“œThe outlook: Much too cold for the time of year”
The weather has a substantial influence on the economy “” from the risk of a rainy summer for beer garden proprietors to the dependency of energy suppliers on the weather. Weather derivatives offer a range of tools for these industries to hedge against previously uninsurable weather risks.
Hedging against a cold summer
“When the temperature in Britain rises by 3Â°C, daily beer consumption increases by 10%”, says the UK Met Office in a study “” a very telling example that shows how much a particular industry’s turnover can be affected by the weather.
Meteorological research institutes estimate that more than 80% of all economic activities are weather-dependent. In other words, a huge variety of industries are involved “” fashion companies, breweries, construction firms, ice-cream producers and especially energy suppliers.
When national utility monopolies in the USA were turned into independent energy companies, demand increased for protection against the impact of the weather. Instruments for hedging weather risks were sought, and what more obvious idea than to use the tools of the capital market? And so weather derivatives came into being.
Objective of weather derivatives
A weather derivative differs from a customary derivative in that it is not based on tradable reference items such as shares, share price indices, bonds or exchange rates but on predetermined index data, such as the temperature. It follows that the purpose of a weather derivative is to hedge volume risks rather than price risks, since a rising or falling turnover need not affect the price.
In a cold summer, for instance, it is not usual for the price of ice-cream to suddenly fall “” the ice-cream industry’s decrease in turnover is due to the lower sales volume, then, not to a price reduction. In these cases, weather derivatives provide volume compensation.
A similar situation exists in future-oriented fields like renewable energy: particularly in the first few years, when high investment costs have to be recouped, a lack of wind or too little solar irradiation might reduce the volume of electricity generated to such an extent that the financing of the venture is jeopardised. Weather derivatives can then provide important balance-sheet protection.
From single trigger to multiple trigger
Of course there are also many industries where the weather has an impact on both the volume and the price, such as the oil industry. If a winter is warmer than average, people heat less “” there is a fall in the sales volume and the price of fuel oil.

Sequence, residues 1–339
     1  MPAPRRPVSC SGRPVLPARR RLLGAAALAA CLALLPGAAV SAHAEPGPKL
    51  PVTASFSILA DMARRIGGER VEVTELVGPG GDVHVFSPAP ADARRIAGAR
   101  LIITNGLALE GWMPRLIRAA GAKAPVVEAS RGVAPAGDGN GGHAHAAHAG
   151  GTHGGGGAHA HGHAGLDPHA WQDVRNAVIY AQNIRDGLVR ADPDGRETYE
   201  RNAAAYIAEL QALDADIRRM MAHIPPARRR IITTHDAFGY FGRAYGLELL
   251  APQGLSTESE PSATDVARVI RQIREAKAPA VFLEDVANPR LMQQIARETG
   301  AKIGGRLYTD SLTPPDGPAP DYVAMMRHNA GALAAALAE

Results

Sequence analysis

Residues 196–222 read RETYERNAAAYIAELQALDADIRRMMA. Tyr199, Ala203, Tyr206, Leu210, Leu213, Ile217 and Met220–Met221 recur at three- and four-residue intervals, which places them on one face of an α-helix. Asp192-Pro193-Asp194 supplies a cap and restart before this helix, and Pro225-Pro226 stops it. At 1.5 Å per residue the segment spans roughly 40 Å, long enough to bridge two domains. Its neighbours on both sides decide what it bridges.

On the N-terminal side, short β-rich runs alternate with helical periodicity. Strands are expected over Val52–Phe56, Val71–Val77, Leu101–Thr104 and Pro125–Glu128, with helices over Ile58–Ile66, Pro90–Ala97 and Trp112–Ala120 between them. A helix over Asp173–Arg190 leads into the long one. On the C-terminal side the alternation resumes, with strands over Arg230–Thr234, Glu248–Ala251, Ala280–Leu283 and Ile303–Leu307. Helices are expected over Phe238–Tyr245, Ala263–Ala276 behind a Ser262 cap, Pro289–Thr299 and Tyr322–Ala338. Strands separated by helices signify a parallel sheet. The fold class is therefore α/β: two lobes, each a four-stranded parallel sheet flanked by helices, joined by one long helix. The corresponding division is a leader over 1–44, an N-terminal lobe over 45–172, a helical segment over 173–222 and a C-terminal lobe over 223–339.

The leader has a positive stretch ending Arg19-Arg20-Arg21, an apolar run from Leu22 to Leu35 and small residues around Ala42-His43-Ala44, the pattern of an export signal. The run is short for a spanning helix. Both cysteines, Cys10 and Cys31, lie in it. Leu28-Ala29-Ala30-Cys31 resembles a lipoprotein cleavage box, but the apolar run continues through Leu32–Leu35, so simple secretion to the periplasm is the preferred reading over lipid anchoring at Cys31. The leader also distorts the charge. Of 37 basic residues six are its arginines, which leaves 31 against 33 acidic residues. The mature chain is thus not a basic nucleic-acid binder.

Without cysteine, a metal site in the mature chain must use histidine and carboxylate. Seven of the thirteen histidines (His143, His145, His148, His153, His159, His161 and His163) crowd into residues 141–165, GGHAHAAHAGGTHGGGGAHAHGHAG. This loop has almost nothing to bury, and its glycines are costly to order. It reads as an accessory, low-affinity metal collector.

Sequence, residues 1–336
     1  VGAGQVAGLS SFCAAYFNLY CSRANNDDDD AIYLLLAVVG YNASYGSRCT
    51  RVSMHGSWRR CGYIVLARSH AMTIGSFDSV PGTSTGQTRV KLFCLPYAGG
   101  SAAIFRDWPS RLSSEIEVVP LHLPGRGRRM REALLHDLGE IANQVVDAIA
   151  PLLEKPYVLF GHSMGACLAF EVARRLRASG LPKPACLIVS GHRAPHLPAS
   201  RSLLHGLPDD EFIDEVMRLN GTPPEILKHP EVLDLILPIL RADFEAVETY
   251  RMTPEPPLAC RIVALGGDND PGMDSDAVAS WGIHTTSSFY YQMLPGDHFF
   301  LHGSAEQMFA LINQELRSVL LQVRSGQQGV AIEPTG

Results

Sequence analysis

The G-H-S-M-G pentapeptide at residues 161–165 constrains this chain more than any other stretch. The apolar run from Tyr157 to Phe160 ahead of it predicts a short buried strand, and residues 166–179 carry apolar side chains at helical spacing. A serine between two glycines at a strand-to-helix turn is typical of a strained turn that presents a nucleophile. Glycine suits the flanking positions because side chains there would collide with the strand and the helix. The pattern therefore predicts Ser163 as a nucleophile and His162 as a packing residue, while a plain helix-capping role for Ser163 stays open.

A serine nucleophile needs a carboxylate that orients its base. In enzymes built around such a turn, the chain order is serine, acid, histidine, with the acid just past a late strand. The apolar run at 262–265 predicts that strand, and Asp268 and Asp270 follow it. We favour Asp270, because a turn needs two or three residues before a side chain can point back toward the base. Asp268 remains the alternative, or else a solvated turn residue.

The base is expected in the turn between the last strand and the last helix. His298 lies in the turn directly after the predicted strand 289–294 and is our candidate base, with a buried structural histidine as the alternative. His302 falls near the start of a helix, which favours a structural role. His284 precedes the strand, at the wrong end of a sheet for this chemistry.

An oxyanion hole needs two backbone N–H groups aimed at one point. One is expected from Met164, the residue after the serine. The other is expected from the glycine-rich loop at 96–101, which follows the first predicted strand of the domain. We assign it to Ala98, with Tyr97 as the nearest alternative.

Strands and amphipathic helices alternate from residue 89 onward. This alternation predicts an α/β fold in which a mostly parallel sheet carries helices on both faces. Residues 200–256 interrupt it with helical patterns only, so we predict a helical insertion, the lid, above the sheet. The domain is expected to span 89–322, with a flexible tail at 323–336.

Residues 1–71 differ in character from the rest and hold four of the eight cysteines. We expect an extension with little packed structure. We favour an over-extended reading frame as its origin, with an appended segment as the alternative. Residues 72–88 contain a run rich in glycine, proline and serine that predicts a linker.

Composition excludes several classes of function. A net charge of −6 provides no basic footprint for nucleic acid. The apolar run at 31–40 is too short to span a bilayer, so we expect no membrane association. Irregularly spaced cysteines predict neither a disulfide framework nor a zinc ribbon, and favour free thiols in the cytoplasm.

In such cases, “cross-hedging” is recommended, a mixture of weather derivative and classic commodity derivative, which also hedges against a decrease in turnover as a result of price reductions.
Within the framework of integrated risk management, Munich Re offers multiple-trigger models that cover several risks simultaneously.
What constitutes bad weather?
The most widespread trigger used for weather derivatives is the temperature. However, other triggers are agreed on sometimes as well, such as certain amounts of precipitation, wind, sunshine or snowfall.
Weather derivatives are usually concluded for one season only, but we also offer our clients contracts that are valid for a shorter or longer period.
Munich Re’s know-how
Optimally designing and deploying weather derivatives for clients requires geoscientific expertise combined with know-how in statistical methodology and knowledge of the capital markets.
We have been offering extensive weather and climate consultancy services for over 30 years and assess over 500 weather risks a year. Besides this, we have a sufficiently diversified portfolio which we actively manage, thus meeting all the requirements for successful business with weather derivatives.
Via our subsidiary Munich American Capital Markets in New York, we are actively involved in weather derivatives trading, whilst the experts from our Special and Financial Risks Division in Munich mainly underwrite individualised weather risks.
Federal Ministry for the Environment, Nature Conservation and Nuclear Safety on the subject of renewable energies
First international conference “renewables 2004” in Bonn
German Advisory Council on Global Change
Intergovernmental Panel on Climate Change
International Energy Agency